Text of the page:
Rodeo queens are more than just pageant girls who ride horses and wear bedazzled clothing — these ladies are advocates for agriculture, promoters of western heritage and representatives of their community, according to the mission statement of Miss Rodeo Florida.
Each year, a select group of young ladies serves the state of Florida as ambassadors and spokeswomen for the professional sport of rodeo and western traditions.
UCF alumna Cara Spirazza has stepped down as Miss Rodeo Florida and UCF senior McKenna Andris was crowned at her coronation ceremony in Homestead, Florida on Saturday, Jan. 11.
“I’ve got pretty big boots to fill,” Andris said. “But I'm ready to hit the ground running as the second UCF student to wear the crown for Miss Rodeo Florida.”
Andris' coronation ceremony will mark the beginning of a year traveling across the nation, and her journey as Florida's new representative has only just begun. Over the next 12 months there are 24 different rodeos scheduled across the state, according to MRF Florida.
The MRF 2020 pageant took place in September, and the results were clear. Andris swept the board and won all six judged categories: appearance, personality, modeling, speech, impromptu questions and a personal interview. This was her first time running for the title, yet she won out of all three competitors.
"To be Miss Rodeo Florida, you have to know how to ride a horse, and how to speak publicly," Andris said, "Rodeo Queens need to know rodeo knowledge and history and promote our way of life."
Stepping down from the reins is Spirazza, 25, who graduated from UCF in 2016 with a Bachelor of Science degree. She was crowned as MRF 2019 and went on to compete in Las Vegas for Miss Rodeo America in December last year.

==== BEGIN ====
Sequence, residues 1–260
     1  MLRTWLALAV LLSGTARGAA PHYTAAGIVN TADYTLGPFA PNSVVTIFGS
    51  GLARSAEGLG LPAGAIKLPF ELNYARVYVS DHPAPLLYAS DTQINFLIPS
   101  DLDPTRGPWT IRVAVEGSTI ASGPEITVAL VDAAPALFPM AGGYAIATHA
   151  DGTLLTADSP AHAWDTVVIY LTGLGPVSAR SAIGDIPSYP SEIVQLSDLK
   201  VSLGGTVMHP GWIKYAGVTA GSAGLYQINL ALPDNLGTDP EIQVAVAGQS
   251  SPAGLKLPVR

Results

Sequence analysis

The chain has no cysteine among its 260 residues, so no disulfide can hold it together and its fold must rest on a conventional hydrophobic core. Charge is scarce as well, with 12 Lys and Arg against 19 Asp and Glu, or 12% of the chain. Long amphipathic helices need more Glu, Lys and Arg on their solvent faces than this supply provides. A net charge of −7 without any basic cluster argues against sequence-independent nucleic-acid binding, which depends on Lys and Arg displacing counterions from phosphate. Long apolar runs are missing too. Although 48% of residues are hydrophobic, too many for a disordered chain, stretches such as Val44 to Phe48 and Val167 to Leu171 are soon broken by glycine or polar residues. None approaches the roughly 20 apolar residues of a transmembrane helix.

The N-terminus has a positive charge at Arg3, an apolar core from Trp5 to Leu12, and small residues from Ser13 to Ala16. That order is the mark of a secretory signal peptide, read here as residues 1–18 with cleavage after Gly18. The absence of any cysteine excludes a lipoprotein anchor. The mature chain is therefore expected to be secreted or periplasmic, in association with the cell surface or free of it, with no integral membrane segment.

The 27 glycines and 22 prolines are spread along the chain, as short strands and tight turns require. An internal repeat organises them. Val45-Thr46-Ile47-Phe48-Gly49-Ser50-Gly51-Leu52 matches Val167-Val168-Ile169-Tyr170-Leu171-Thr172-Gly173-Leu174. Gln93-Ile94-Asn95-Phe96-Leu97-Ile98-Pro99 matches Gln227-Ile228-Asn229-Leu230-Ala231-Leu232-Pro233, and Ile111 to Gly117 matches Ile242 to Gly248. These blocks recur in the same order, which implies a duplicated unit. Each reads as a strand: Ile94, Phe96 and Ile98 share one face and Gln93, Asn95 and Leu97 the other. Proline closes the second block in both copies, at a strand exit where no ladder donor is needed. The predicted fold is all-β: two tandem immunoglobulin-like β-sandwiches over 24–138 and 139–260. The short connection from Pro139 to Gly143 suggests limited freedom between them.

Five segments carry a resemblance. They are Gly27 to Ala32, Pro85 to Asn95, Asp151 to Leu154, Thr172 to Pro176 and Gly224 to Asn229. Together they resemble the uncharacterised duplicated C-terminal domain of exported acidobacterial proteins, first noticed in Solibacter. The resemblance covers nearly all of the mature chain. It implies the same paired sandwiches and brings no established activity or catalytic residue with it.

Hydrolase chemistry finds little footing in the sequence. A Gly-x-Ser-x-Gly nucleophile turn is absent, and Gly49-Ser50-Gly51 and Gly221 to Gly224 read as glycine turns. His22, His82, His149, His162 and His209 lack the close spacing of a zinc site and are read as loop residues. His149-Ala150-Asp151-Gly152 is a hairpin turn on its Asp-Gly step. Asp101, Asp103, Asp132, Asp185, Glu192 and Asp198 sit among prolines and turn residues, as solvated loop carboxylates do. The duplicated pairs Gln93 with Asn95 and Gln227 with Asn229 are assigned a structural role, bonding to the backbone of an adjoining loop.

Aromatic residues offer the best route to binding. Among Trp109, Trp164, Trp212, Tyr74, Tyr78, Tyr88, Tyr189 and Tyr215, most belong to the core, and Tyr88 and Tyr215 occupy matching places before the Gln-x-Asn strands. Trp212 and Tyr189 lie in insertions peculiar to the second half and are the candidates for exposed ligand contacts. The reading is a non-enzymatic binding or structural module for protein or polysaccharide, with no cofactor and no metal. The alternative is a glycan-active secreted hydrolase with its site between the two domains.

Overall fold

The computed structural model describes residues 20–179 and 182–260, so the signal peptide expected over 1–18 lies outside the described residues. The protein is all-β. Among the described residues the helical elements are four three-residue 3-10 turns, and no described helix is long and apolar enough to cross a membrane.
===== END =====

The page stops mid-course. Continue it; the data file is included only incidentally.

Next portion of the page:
Spirazza placed among the top 10 contestants out of 27 and placed second for the Zona Vig Scrapbook Award for her personalized scrapbook documenting memories during her reign as MRF.
She also received $1,000 from the Roxann Harris Memorial Competitive Spirit Scholarship Fund, according to Miss Rodeo America.
"I’ve traveled over 60,000 miles, I’ve been to 23 states and Canada and I’ve attended 42 rodeos throughout the year representing the sport I love and the western way of life," Spirazza wrote on the Miss Rodeo Florida Association Inc.'s Facebook page.
After a full year of new rodeo experiences, Spirazza said she can now focus on her career as a large animal veterinarian. She will continue her third year specializing in equine sports medicine at Tuskegee University's School of Veterinary Medicine in Alabama.
Spirazza said her line of work will continue in the rodeo world upon graduating in 2021. According to the Professional Rodeo Cowboys Association, all rodeos require a veterinarian to be present for all competitions, performances and events to ensure the safety and well being of the livestock.
"We’re surrounded by people who all share the same values, passion, love for our animals, and support for one another," Spirazza wrote on the Miss Rodeo Florida Association Inc.'s Facebook page. "Something that just makes you feel right at home no matter how many miles away."